Each week, "One Defining Moment" will dive into the game's most important moment and break it down in all its glory, or in unfortunate cases, its horror. This week: Keagan Johnson's incredible YAC effort to score the winning touchdown.
Was that... a competent Iowa offense? It was something close to it, right? There were still obvious issues in the running game and I refuse to discuss the last "drive" (it was asinine and no matter how clearly somehow laid that fact out to Kirk he would never admit as much), but there was some real energy to this Iowa offensive unit. Padilla was moving behind the line of scrimmage and taking deep shots and there were multiple play calls against tendency. In particular, the wide receivers were given a chance to shine rather than merely acting as decoys to set up the next stretch run.
When the moment was biggest, no one shone brighter than freshman Keagan Johnson, who shrugged off multiple Gopher defenders, hoisted the entire Hawkeye team on his back, and scored the game-winning touchdown.
After a back and forth game in which Iowa's defense bent and bent and bent some more and the Iowa offense looked improved but inconsistent, the Hawkeyes found themselves clinging to a one-point lead to start the fourth quarter. The Hawks blocked a long Gopher field goal attempt to start the fourth, giving the offense strong starting field position and a chance to add to their slim lead. The drive sputtered but a long Goodson run on third down kept the drive moving and on the next play, Keagan Johnson decided he'd take care of the rest himself.
A Closer Look
There's not a ton to the play call here, although I will give Brian Ferentz credit for not running on first down (yes, I know the bar is low). Brian has been pretty good about starting drives off by going against type, but it seems that as the series goes on, he becomes more and more conservative. Here, though, the Hawkeyes use a quick play-action to set up the tunnel screen. Padilla never makes it to Goodson, but the few steps he takes in that direction let the defensive line crash into the middle, or at least stop them from heading outside towards Johnson.
Once the ball is thrown, there's really no one else to talk about besides Keagan Johnson. The play is not well blocked, hence the two Gophers hitting Johnson in the backfield, and as far as I can tell, there isn't a single block on the entire play save for Tyler Linderbaum blocking a linebacker on the far edge of the play.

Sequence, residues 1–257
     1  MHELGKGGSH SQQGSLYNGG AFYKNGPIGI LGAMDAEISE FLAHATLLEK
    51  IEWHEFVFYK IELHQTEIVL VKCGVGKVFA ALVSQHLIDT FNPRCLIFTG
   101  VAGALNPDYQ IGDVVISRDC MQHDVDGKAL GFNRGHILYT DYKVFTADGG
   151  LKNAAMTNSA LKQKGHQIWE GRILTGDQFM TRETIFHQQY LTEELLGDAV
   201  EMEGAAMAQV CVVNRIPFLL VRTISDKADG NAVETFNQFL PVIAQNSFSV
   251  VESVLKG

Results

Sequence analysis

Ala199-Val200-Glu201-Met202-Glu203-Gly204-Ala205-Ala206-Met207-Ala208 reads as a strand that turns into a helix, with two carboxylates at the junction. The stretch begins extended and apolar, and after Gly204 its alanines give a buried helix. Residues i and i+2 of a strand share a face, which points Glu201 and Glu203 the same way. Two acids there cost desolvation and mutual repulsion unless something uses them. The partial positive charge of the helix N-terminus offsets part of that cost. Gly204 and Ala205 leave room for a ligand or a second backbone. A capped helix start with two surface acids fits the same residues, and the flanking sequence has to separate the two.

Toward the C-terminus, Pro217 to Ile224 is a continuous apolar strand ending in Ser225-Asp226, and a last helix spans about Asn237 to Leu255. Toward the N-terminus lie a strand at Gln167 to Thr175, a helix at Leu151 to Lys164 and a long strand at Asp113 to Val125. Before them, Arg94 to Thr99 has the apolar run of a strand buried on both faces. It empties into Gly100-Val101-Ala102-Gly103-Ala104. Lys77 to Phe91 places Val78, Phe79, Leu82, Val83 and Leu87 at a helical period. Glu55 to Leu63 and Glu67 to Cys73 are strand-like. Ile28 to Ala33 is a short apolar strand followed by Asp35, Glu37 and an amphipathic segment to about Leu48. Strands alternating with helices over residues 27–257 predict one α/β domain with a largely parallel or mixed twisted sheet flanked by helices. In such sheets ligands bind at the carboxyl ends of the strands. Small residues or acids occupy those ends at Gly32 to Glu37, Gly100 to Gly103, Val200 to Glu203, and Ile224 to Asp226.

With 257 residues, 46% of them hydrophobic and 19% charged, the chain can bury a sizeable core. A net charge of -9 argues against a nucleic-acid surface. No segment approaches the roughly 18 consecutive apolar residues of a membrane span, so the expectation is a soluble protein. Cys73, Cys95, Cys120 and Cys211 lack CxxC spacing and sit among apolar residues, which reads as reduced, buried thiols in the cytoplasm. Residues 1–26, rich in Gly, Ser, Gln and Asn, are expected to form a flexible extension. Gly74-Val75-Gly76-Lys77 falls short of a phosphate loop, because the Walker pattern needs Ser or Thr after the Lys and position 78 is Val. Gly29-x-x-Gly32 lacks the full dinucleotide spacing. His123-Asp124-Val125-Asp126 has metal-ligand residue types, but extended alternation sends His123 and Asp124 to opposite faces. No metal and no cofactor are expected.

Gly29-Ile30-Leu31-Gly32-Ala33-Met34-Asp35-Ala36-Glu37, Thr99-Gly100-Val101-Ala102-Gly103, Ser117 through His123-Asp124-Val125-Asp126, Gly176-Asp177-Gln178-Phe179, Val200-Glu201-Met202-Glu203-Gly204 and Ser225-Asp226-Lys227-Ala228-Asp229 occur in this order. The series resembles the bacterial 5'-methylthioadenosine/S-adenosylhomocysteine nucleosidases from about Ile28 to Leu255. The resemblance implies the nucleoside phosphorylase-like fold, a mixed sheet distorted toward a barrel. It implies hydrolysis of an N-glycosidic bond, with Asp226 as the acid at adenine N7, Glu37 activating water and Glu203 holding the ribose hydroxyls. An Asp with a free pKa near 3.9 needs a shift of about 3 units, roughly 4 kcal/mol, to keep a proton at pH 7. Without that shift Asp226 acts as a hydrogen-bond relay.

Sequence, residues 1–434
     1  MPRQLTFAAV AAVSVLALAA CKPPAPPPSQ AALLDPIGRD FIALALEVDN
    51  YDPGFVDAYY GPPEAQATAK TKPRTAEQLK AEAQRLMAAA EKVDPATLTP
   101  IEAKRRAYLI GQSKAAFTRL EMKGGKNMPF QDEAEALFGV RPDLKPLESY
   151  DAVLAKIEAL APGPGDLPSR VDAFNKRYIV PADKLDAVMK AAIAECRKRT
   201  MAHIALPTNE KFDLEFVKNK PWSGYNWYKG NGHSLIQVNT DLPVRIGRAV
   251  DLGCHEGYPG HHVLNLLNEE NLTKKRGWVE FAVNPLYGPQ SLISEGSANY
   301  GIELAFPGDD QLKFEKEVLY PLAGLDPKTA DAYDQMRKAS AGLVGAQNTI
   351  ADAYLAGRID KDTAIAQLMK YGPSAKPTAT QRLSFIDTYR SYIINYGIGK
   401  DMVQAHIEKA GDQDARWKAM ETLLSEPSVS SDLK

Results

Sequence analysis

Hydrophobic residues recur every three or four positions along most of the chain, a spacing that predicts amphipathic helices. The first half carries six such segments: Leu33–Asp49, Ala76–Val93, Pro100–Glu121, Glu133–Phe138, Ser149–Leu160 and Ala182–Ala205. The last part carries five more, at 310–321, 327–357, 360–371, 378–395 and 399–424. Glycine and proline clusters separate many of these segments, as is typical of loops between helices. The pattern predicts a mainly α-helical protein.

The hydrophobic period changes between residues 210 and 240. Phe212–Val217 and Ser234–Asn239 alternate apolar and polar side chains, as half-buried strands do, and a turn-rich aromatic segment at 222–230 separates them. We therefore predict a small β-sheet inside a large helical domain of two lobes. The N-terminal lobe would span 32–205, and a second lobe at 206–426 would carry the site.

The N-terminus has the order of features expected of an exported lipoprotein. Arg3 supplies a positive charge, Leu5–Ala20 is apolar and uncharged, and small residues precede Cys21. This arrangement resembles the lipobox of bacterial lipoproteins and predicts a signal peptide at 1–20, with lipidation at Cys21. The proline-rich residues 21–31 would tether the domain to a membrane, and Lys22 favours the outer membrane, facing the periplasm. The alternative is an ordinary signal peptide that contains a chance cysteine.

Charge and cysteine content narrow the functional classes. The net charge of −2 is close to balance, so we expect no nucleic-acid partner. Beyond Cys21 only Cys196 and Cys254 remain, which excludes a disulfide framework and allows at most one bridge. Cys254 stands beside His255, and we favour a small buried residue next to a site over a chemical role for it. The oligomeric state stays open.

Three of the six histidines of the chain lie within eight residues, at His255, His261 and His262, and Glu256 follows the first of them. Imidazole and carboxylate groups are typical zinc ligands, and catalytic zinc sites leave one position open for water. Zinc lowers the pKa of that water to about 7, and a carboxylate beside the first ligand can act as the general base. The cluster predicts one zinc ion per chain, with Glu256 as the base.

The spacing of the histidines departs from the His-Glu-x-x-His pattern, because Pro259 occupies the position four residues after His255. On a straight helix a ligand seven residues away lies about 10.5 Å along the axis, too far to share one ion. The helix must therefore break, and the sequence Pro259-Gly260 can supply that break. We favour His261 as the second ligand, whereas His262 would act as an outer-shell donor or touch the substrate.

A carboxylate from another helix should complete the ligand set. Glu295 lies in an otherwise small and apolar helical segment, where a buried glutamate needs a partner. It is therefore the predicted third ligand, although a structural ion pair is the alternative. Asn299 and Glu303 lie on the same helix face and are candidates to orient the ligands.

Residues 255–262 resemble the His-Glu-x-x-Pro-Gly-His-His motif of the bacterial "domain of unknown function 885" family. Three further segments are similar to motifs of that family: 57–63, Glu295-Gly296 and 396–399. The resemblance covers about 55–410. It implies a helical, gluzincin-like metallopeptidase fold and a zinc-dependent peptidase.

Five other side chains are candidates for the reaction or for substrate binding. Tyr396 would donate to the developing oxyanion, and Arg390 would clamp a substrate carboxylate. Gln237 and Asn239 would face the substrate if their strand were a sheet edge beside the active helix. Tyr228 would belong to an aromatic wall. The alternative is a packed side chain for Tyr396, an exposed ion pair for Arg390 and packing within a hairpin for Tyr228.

The success of the play can be attributed entirely to Keagan. He somehow ducks under the two Gopher tacklers that absolutely should have turned the play into a loss. I mean, you can barely even find Keagan in this photo.
Keagan Johnson scored on this play. pic.twitter.com/gBF25mESnx— On Iowa Sports (@GazetteOnIowa) November 13, 2021
What breaks the play open though is Johnson's choice to spin back towards the sideline instead of working back towards the middle of the field. He can't see who's behind him, but he shows off a field sense that can't be taught and finds the open space. Once he finds room to run, it's a straight shot to the end zone and the highlight reel.
Johnson has shown that he's a tough runner multiple times this season, forcing his way onto the field as a freshman. I've clamored for more plays that get our receivers the ball with a chance to create and this is exhibit A as to why. The Iowa offense loves to run curls, but getting our most dynamic players the ball when they're actually facing the end zone they're trying to score in gives them far more room to turn short passes into long gains.
The Iowa offense doesn't have to become vertical to be more effective. Finding ways to get their best players the ball in a spot where they can create, whether that's a screen or even just a slant, would lead to a marked improvement in production.
Keagan's Herculean effort gave Iowa an 8-point lead and they needed every single one of those points. The Iowa defense was not at its best Saturday and Minnesota scored on a big play soon after this touchdown. The extra cushion forced them to go for two and enabled Kirk to turn his brain off when the offense took over at the opposing 3-yard line late in the game.
Johnson, along with Arland Bruce IV, have shown that the future of the Hawkeye receiver room is bright. The two freshmen have forced their way onto the field and their connection with Alex Padilla has been evident over the past two games. Iowa is never going to move away from its run-first identity, but the threats on the outside can help to create running lanes for Goodson. It makes play-action passes and draw plays that much better (look at Goodson's two third down conversions in the fourth quarter as evidence). Plus, their deep threat ability (and Charlie Jones deserves a shout-out for his great catches Saturday as well) discourages the safeties from creeping up too close to the line of scrimmage. More space on the second level should give Goodson a chance to turn more 2-yard plays into 6-yard plays and 6 yard plays into 16-yard plays.
The more balanced the offense is, the more threatening the offense will be. The more threatening the offense is, the less pressure is put on the defense to be perfect. Iowa's defense gave up a ton of yards on the ground and let Minnesota possess the ball for over 40 minutes. Usually, that's a recipe for disaster, especially when combined with the inept rushing attack the Hawks continue to trot out. Instead, talented receivers and an aggressive quarterback led the Hawkeyes to a win.
It's never going to be the formula for Iowa, but seeing Iowa find a way to win on the backs of its receivers and quarterback gives hope for a more balanced Iowa team. The pieces are there, here's hoping the Ferentzes realize what they have.